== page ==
So, Jewell, the original drummer was relegated to sideman status with a cut in pay, and so was I, just before we did the Live At Harvey’s album. Jewel quit soon after, moved to L.A. Jewell was replaced by Art – can’t recall the last name – and I stayed as a sideman for a while, needing the money, which was still pretty good, and enjoying the life-style. It’s an old story in music ‘show-biz’ – one person in a successful group is willing to dump the others, despite their hard work on the way up. That’s a different situation than being in a dead-end band moving from one subsistence gig to another. And, it’s a different situation from a long-term success combination deciding to call it quits and go their own ways – some then on to personal star status. Jack had the voice, absolutely beautiful – but, lacking strong musicianship, he needed musicians with him that knew his weaknesses and could compensate.

I headed for Los Angeles into a long career of fun garage and original bands, a few ‘almost-made-it’ big rock ‘n’ roll bands, and many better-to-forget traveling club bands, always with Hollywood as home base. Reliable gossip I heard years later said Jack was working as a solo act with his guitar at Harold’s club in Reno hotel in one of their in-house bars.

Jack Bedient and the Chessmen releases:

This is the most complete list of releases for the group out there, and corrects several errors from other sources. Any additional info would be appreciated, especially on his “Executive Productions” releases.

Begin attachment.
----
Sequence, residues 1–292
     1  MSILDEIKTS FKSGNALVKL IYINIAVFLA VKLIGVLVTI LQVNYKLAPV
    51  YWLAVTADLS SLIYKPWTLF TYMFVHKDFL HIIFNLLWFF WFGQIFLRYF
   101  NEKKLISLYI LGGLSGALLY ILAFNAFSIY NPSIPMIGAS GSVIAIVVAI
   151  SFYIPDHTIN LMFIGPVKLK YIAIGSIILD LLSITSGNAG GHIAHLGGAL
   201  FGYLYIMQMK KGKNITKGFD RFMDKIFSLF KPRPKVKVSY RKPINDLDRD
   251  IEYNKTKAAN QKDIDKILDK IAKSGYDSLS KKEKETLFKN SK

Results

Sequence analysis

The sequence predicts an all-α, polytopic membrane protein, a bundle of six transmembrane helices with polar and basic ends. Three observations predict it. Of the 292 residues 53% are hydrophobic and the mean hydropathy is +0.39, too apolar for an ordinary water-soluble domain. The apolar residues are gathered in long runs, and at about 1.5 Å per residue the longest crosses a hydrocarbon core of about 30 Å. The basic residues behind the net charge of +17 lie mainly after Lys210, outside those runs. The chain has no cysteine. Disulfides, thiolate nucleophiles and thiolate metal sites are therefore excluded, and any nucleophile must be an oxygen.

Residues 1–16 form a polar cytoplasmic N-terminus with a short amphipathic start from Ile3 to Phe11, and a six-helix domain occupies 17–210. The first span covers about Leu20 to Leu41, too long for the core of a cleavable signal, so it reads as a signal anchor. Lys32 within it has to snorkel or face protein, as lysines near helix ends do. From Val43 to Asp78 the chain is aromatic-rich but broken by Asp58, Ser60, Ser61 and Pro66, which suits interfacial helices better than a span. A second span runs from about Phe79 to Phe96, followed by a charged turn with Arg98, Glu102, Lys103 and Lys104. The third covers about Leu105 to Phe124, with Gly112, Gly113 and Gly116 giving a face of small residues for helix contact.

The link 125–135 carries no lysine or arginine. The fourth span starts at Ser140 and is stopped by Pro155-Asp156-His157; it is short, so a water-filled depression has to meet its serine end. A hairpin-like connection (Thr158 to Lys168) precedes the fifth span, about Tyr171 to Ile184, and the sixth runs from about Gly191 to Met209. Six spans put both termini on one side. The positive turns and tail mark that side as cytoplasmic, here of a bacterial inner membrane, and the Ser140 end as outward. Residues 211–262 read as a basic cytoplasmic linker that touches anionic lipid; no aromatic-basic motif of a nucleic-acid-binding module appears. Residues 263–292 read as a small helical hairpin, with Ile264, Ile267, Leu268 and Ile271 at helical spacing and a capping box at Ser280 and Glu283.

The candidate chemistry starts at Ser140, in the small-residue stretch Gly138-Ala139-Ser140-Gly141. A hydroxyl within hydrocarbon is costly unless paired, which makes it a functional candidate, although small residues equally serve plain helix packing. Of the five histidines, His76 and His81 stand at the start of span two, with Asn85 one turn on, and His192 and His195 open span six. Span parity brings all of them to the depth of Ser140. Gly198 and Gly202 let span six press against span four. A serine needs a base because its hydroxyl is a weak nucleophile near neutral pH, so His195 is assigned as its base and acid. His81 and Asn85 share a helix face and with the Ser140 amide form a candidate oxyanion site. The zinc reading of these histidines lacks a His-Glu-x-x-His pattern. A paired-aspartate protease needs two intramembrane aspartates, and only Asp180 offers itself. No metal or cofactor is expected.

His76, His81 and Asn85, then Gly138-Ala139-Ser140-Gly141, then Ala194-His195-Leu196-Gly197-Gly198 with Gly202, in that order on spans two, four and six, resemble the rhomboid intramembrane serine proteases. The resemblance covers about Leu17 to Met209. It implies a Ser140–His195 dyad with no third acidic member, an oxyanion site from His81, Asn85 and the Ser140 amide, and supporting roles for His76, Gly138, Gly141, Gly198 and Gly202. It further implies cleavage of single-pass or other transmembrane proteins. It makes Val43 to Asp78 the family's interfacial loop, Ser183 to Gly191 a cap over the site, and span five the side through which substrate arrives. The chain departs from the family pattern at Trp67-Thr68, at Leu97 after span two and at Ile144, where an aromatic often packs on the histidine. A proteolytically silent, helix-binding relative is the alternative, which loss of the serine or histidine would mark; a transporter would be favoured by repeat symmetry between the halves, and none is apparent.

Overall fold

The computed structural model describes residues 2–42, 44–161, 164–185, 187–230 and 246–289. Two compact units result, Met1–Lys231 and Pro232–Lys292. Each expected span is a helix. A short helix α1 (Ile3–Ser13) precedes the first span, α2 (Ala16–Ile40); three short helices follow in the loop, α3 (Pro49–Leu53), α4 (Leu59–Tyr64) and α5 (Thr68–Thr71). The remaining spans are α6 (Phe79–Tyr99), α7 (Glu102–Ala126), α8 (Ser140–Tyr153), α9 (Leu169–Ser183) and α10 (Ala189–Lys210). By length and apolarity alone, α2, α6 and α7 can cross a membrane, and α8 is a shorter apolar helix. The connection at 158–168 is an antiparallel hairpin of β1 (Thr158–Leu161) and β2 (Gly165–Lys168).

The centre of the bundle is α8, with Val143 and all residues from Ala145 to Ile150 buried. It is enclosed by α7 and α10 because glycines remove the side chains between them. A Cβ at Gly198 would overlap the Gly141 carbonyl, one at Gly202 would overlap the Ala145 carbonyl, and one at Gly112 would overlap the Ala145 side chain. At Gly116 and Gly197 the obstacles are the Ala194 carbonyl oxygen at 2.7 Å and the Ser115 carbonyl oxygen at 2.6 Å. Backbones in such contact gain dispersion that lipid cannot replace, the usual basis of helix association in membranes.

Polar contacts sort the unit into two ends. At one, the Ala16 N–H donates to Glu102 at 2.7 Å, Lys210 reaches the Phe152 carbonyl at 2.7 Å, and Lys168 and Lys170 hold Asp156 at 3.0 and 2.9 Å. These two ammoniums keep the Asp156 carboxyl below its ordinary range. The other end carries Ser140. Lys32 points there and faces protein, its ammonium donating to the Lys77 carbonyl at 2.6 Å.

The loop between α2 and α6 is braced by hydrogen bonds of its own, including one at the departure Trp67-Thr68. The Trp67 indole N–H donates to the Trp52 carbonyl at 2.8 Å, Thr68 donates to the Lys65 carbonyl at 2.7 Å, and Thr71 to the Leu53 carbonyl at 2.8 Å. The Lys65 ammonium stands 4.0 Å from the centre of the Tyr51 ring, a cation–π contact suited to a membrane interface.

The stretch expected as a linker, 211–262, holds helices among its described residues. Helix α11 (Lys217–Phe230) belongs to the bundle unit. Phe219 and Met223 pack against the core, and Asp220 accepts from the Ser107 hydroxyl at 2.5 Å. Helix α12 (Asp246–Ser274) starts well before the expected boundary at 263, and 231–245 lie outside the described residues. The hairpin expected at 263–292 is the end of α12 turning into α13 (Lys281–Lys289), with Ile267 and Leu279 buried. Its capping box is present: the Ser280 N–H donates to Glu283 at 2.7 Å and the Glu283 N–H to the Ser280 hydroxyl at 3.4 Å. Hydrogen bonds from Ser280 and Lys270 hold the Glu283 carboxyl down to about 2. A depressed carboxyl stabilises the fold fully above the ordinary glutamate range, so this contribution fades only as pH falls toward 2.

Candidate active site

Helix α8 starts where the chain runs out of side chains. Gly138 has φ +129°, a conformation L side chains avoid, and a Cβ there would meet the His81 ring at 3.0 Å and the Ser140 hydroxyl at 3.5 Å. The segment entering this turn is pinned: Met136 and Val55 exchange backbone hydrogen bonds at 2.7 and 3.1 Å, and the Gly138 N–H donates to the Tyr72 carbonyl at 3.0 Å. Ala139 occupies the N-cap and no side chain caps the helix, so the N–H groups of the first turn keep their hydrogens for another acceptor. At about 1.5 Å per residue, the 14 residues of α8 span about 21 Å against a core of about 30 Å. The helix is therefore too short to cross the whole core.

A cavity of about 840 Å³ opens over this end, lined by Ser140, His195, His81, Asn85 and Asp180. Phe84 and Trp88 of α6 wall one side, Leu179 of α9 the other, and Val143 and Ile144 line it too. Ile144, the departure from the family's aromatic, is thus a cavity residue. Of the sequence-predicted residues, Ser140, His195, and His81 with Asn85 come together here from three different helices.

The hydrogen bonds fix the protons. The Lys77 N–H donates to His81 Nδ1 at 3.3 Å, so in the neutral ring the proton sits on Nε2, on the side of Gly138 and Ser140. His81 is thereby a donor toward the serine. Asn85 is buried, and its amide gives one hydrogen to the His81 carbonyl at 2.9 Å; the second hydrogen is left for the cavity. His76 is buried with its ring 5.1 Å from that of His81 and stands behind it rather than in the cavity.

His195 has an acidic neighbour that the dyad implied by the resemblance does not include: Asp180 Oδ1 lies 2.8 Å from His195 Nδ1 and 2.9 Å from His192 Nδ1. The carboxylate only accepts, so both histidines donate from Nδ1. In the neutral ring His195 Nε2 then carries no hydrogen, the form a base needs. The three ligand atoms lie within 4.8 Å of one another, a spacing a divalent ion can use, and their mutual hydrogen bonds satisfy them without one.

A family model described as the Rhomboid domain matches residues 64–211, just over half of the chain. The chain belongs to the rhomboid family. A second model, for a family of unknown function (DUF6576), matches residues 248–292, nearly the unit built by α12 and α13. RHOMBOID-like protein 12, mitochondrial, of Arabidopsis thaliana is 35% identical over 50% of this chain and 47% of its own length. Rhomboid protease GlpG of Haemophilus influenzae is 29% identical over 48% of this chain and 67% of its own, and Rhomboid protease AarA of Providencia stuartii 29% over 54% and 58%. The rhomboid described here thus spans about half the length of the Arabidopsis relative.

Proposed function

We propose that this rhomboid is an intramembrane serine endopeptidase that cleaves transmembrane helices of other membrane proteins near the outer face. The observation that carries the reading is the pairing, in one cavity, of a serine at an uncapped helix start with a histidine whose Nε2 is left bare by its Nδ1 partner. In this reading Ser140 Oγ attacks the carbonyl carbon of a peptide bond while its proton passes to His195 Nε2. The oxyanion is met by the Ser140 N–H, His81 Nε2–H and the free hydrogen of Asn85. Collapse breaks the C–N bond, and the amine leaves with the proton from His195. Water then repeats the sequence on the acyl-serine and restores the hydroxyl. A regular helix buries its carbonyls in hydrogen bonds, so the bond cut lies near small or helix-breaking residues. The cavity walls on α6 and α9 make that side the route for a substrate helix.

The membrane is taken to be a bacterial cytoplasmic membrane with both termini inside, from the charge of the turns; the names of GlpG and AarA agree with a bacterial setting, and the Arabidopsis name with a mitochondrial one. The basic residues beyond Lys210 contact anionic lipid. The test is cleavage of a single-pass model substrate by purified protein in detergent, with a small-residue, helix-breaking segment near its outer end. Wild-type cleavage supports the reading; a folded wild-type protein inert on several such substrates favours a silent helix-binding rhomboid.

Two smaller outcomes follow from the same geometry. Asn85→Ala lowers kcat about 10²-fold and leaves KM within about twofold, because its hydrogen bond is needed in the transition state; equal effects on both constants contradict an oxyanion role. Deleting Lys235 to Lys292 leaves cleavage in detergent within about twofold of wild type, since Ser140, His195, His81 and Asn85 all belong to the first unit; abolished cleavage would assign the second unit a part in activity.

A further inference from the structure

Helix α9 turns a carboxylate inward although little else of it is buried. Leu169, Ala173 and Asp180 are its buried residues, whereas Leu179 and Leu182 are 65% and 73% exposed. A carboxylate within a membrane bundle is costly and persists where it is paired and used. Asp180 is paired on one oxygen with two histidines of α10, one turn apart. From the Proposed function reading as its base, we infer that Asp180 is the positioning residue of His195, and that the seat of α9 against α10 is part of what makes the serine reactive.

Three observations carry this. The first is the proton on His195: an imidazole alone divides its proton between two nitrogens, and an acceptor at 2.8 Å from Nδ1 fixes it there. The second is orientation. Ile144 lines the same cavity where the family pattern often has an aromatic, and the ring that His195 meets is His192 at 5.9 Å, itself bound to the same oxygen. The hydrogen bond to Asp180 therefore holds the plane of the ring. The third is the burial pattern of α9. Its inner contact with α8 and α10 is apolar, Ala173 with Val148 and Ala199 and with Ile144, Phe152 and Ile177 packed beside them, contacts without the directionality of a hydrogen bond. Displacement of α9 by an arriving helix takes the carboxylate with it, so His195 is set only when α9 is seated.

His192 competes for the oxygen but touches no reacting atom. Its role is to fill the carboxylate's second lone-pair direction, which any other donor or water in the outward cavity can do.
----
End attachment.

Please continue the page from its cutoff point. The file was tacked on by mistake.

45s

The Mystic One / Question – Era 3050, July 1961
Pretty One / Silver Haired Daddy – Trophy 1001, 1964
See the Little Girl / Here I Am – Fantasy 595, 1965
See the Little Girl / Looking for a Good Love – Fantasy 595, 1965 (released as by “The Chessmen”)
Double Whammy / I Want You To Know – Fantasy 598, 1965
Drummer Boy (Play Us a Song) / Dream Boy (Count Your Dreams) – Palomar 2212, October 1965
Glimmer Sunshine / Where Did She Go – Rev 104/5, 1966
Love Workshop / I Could Have Loved You So Well – Columbia 4-44302 1967
Pretty One / See That Girl – Columbia 4-44481, 1968
The Pleasure of You / It’s Over – Columbia 4-44565, 1968
My Prayer / Independence Day – Columbia 4-44671, 1968
I’ve Been Loving You / I Could Never Lose My Love for You – Executive Productions 21, 1969, with picture sleeve
Beautiful (Takes a Trip) / Release Me – Executive Productions 21

LPs

Two Sides of Jack Bedient – Trophy 101, 1964
Live at Harvey’s – Fantasy 3365, 1965
Where Did She Go – Satori 1001, 1967
Songs You Requested – Chessmen no #, 196?
In Concert (Harolds) – Chessmen no #, 1969
Jack Bedient – Executive Productions, 196? (rumored, but apparently this does NOT exist – if so please send confirmation)

Thank you to Jeffrey Lee for the scan and transfer of “I’ve Been Loving You” and to Fred Hoyt for the scan of the Executive 45 sleeve. Special thanks to Kevin Wood for his help in correcting some of the information in this article.

Sources for this article include: Inland Empire Rock: The Sound of Eastern Washington, and The PNW Bands site.
Jack Bedient & the Chessmen, Executive PS "I Could Never Lose My Love for You"